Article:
About the North Carolina Law Review

The North Carolina Law Review, a student-operated journal, serves judges, attorneys, scholars, and students by publishing outstanding legal scholarship and furthering the intellectual climate of the University of North Carolina School of Law.  Through its collaboration with the legal community, the Review provides timely and thought-provoking commentary for people of North Carolina and the nation. To these ends, the staff and board of the Review also host an annual symposium and publish the online NCLR Forum that is devoted to North Carolina and current issues.

In addition, the Review trains its members in intensive legal research, analysis, and writing, thereby preparing them for the rigors of legal practice and public service.  The North Carolina Law Review belongs to the entire Carolina Law community and accepts the responsibility of enhancing the school’s reputation and academic environment.

From the Editors

The North Carolina Law Review is a distinguished and cherished institution, of which its members are very proud.  We hope all members of the legal community can benefit from our work. The Review has pursued this unchanging mission since 1922. 

It is hoped that this Review may be of service to the law students, the law teachers, the members of the bar, and to the judges upon the bench, and, through them, to the people of the state. To the faculty of the School, the Review will be an added incentive to systematic research in the state law and a medium for the publication of the results achieved.  To the members of the bar and the judges upon the bench, the Review will make available, in the form of leading articles, editorial notes and comments, discussions of important legal problems, statements of the significance of outstanding recent state and federal decisions, and historical accounts of the development of distinctive topics and doctrines of North Carolina law.  In other words, the Review will carry to the active members of the legal profession, the work the School is doing in tracing the development of law in North Carolina and in the country at large.

As a supplement to the routine daily class work of the School, it will afford to the second and third year students, a means of intensive training in legal writing.  To them, the independent experience . . . in the analysis, investigation and critical discussion of current problems in North Carolina law will be invaluable.  As the Review goes into volumes year by year, it will constitute a collection of reference materials on the local law, of definite value as collateral readings in connection with class discussion.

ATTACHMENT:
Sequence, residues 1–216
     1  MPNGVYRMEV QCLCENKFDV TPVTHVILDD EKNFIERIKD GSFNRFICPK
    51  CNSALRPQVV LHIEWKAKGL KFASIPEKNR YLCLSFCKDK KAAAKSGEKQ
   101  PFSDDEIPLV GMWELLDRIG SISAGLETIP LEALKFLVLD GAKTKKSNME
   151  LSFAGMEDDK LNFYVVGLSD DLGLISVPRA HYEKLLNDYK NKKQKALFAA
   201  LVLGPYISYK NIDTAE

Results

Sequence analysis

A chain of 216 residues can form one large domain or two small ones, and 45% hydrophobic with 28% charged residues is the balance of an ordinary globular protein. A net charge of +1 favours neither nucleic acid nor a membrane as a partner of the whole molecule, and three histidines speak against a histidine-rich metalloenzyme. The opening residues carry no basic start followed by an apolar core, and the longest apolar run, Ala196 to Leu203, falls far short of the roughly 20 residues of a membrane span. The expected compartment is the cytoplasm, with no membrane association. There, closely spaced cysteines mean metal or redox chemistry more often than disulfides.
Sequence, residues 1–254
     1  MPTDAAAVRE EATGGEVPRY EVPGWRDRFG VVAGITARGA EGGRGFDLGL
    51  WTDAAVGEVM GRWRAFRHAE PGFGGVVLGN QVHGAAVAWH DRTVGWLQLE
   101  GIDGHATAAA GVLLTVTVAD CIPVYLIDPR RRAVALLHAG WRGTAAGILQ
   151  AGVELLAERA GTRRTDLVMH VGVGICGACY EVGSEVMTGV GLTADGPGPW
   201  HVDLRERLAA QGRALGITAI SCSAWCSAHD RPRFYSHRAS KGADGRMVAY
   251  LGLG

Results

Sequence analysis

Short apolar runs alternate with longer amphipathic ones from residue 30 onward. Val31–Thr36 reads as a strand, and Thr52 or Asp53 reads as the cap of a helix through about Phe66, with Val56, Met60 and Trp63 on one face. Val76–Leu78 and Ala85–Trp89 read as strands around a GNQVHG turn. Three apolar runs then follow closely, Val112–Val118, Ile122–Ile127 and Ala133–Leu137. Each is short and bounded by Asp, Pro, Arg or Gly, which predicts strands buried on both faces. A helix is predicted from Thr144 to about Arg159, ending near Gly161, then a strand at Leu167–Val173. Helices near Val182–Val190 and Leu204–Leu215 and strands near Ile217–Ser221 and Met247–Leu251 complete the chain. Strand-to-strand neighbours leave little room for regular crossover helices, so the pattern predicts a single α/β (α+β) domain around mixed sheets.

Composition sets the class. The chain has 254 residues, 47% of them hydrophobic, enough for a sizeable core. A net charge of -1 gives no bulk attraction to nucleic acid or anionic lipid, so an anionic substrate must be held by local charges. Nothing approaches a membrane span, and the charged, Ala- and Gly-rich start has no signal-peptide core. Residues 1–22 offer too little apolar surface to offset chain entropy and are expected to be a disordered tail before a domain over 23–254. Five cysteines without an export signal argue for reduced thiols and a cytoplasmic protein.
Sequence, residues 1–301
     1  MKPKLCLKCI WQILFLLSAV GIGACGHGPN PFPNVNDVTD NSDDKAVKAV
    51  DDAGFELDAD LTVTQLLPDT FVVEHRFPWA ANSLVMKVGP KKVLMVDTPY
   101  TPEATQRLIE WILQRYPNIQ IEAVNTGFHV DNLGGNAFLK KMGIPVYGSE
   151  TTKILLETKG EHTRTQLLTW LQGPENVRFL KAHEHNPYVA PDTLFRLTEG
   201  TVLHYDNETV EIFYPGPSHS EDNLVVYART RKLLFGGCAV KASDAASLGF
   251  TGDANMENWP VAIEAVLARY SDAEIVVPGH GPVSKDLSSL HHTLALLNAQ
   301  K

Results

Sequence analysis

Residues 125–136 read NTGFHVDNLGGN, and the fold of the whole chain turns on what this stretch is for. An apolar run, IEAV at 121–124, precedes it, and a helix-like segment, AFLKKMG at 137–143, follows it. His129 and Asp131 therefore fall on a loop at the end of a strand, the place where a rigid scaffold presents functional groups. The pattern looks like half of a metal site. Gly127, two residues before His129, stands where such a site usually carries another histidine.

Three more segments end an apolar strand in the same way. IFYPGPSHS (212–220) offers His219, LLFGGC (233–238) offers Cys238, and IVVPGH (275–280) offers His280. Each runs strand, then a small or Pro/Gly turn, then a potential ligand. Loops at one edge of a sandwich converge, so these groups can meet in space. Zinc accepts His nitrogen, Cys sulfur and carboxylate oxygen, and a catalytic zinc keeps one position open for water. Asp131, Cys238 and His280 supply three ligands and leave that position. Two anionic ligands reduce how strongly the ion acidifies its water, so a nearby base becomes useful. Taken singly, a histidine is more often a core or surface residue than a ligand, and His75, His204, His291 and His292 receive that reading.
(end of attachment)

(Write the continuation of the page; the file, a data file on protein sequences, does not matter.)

– Excerpt from Editorial Notes, 1 N.C. L. Rev. 31 (1922)

Commitment to Diversity, Equity, and Inclusion

The North Carolina Law Review is committed to advancing diversity, equity, and inclusion in both its membership and scholarship. The Law Review sees diversity as a variety of lived experiences and personal values that arise from differences of culture and circumstance. These experiences and values include, but are not limited to, any of the following: race, ethnicity, national origin, gender, sex, sexual orientation, religion, abilities/disabilities, age, language, socioeconomic status, past and current geographic region, immigration status, family status, personal/family education level, and prior or current military service, and more. The Law Review strives to foster understanding across these differences such that members feel valued and are empowered to add value in an inclusive environment. Lastly, the Law Review aims to create conditions that provide all members an equitable opportunity to participate and succeed as a member of the Law Review.

Our commitment to diversity, equity, and inclusion is not only an important end in itself but also integral to our achievement of excellence as individual members and as a flagship journal. For example, our commitment helps us enable broader and more complex dialogue over publication decisions because we believe lived experiences and personal values inform how students think about issues, proposals, and priorities. In turn, our commitment will help us increase the variety and breadth of scholarship and perspectives within the legal academy. Because our differences in experience and perspectives can lead to personal growth for each member, this commitment also helps us strengthen our student development and mentorship opportunities, leading to a more meaningful legal education and journal experience for our members. Finally, because law review membership is a stepping-stone in the legal profession, our commitment helps us ensure the North Carolina Law Review—and by extension, other influential organizations—can remain more accessible to more people and does not replicate systemic social inequalities.